Virtually all studies examining hGH supplementation had significant methodological limitations. These included limited examinations on strength and exercise capacity, short duration of supplementation, and doses not consistent with the method used by most athletes. Liu et al. (324) suggested that “Claims regarding the performance-enhancing properties of growth hormone are premature and are not supported by our review of the literature. The limited published data evaluating the effects of growth hormone on athletic performance suggest that although growth hormone increases lean body mass in the short term, it does not appear to improve strength and may worsen exercise capacity. In addition, growth hormone in the healthy young is frequently associated with adverse events.”
This has been quite a difficult task for the analytical chemists because the amino acid sequence of recombinant GH is identical to that of the main GH isoform secreted by the pituitary: unlike other peptide hormones, it has no N-linked glycosylation sites; its secretion is pulsatile with a short half-life (16-20 minutes); there are circulating GH-binding proteins; potential cross-reactivity with other peptide hormones (e.g., prolactin); and it is stimulated by exercise and stress. Blood sampling is required for all detection methods because less than 0.1% may be found in the urine. Its renal secretion is poorly understood and highly variable within and between subjects (250).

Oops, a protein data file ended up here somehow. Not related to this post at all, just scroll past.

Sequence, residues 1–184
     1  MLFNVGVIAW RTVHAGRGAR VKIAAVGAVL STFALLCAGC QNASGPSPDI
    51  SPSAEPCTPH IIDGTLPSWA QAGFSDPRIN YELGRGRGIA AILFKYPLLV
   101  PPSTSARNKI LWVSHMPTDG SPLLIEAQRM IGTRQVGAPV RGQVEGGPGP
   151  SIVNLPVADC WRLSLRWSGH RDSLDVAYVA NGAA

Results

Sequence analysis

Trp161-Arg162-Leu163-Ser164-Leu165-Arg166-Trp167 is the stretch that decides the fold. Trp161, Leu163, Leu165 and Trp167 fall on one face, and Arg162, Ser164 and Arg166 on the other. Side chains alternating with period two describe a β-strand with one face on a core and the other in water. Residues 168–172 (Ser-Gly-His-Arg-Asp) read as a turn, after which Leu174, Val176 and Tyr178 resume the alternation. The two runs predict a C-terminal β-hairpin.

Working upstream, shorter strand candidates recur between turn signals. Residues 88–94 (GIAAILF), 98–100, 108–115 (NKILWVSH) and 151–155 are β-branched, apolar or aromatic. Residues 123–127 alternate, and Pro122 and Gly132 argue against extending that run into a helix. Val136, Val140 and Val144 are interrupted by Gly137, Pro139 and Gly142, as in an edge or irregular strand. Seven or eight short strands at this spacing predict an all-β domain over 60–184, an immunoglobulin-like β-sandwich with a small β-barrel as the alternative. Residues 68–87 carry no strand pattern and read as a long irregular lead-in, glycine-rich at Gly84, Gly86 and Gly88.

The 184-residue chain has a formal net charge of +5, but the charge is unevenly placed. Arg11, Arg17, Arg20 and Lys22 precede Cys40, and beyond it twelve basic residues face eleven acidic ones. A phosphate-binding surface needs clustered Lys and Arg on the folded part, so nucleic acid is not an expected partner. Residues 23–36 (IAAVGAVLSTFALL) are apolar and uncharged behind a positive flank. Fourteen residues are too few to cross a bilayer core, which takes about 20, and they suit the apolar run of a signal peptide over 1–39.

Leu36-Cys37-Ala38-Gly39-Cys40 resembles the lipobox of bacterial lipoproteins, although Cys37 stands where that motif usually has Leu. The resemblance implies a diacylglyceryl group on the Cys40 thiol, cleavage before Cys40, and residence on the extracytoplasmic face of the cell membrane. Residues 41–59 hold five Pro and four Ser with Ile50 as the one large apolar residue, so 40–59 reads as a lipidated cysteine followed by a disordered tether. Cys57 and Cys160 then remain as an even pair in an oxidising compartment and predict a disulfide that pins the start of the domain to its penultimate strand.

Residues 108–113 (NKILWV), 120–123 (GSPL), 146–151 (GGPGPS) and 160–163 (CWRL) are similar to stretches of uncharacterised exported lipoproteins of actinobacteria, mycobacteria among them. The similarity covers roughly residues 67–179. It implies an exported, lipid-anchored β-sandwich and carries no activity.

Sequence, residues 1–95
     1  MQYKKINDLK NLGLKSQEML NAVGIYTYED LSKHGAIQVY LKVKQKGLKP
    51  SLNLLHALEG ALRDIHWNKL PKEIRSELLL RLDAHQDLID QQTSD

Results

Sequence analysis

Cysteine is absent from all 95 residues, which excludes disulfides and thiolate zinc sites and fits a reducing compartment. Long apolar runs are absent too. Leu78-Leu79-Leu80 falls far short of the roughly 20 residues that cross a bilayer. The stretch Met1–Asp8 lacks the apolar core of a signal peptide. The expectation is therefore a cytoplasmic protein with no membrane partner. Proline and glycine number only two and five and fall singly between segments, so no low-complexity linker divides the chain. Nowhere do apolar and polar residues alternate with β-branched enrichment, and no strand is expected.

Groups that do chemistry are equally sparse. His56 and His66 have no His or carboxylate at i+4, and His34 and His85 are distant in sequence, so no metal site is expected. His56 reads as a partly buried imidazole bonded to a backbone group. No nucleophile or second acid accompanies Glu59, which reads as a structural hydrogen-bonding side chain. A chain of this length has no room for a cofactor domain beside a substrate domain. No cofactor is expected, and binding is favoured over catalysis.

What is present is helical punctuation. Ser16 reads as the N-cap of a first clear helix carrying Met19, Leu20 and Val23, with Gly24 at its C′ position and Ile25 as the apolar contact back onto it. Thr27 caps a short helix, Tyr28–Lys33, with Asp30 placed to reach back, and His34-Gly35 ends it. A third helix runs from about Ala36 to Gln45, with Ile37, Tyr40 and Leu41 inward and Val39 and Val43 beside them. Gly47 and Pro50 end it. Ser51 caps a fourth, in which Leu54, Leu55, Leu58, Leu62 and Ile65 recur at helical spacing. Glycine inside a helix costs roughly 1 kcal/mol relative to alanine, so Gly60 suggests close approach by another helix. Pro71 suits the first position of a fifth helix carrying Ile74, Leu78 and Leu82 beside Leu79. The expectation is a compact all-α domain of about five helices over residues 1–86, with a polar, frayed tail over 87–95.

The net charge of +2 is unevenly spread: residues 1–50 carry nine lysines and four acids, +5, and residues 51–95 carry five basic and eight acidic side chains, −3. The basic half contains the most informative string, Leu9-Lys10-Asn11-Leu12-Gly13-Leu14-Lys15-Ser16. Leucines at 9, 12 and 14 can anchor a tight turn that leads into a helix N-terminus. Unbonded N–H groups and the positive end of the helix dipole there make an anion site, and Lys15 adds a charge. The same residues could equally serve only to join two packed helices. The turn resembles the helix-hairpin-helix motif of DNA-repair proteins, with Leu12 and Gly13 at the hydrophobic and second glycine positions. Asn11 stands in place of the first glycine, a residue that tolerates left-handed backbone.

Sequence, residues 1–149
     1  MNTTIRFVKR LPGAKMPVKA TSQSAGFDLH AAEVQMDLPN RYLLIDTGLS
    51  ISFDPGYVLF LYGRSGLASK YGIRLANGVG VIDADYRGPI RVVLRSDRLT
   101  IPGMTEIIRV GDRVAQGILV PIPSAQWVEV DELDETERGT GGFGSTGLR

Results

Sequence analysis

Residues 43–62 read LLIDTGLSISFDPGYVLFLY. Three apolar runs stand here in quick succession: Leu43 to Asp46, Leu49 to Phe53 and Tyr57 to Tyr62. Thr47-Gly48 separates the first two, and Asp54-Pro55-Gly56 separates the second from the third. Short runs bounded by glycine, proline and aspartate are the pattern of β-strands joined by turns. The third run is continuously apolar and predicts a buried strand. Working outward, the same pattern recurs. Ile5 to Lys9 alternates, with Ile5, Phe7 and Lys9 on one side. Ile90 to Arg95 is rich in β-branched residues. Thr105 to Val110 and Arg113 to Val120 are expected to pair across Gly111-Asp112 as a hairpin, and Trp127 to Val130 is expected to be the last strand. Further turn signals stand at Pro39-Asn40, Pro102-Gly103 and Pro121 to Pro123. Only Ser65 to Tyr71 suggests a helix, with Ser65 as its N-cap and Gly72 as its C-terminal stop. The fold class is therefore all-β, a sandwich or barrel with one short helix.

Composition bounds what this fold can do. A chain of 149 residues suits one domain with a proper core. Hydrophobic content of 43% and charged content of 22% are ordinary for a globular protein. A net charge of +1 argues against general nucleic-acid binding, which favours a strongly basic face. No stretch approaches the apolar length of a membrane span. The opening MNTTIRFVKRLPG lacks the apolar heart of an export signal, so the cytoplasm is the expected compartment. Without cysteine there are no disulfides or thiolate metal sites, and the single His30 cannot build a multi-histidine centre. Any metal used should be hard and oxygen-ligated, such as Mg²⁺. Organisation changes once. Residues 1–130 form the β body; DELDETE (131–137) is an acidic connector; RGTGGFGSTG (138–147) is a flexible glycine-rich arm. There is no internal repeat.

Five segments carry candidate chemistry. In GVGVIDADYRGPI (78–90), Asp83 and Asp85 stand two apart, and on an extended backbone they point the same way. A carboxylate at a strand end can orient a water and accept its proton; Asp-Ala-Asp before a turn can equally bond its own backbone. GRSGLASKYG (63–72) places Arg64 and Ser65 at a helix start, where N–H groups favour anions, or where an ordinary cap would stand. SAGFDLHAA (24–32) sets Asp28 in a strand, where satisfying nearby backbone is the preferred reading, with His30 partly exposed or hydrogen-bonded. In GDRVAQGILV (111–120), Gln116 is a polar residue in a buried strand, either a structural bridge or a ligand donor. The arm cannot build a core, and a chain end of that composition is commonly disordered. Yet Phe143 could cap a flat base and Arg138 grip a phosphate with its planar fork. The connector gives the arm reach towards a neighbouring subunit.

The analytical approaches rely on immunoassays as opposed to the more established doping tests for anabolic steroids, which depend on GC/MS technology. There are 2 general approaches to detection of doping with rhGH. The first approach (direct) measures the GH isoform composition by the differential immunoassay method (70). For this approach, one constructs pairs of antibodies whose primary focus is “all” of the isoforms of hGH and a second set that is virtually restricted to the 22-kDa isoform-the one that is 100% of the recombinant hGH. The first assay is called “permissive” (pituitary) and the second, specific (recombinant). The principle (rationale) is that the more one takes the rhGH (22 kDa), the less pituitary hGH (especially, 20 kDa) will be secreted, meaning that the ratio of the specific to the pituitary will rise. As an example, the ratio rises from 0.6 to 1.5 in subjects administered rhGH, but this assay would only be valid within a few days of the last injection of rhGH. The validation of this technique requires knowledge (testing) of the effects of exercise on the recombinant to pituitary ratio, an independent confirmatory test (see below), knowledge of the “window of opportunity,” and data from athletes, both recreational and elite. This method is unable to detect doping with pituitary-derived hGH or the abuse of the GH secretagogues, IGF-1 itself or in combination with its major circulating binding protein, IGFBP-3 (IGF-1/IGFBP-3) (250).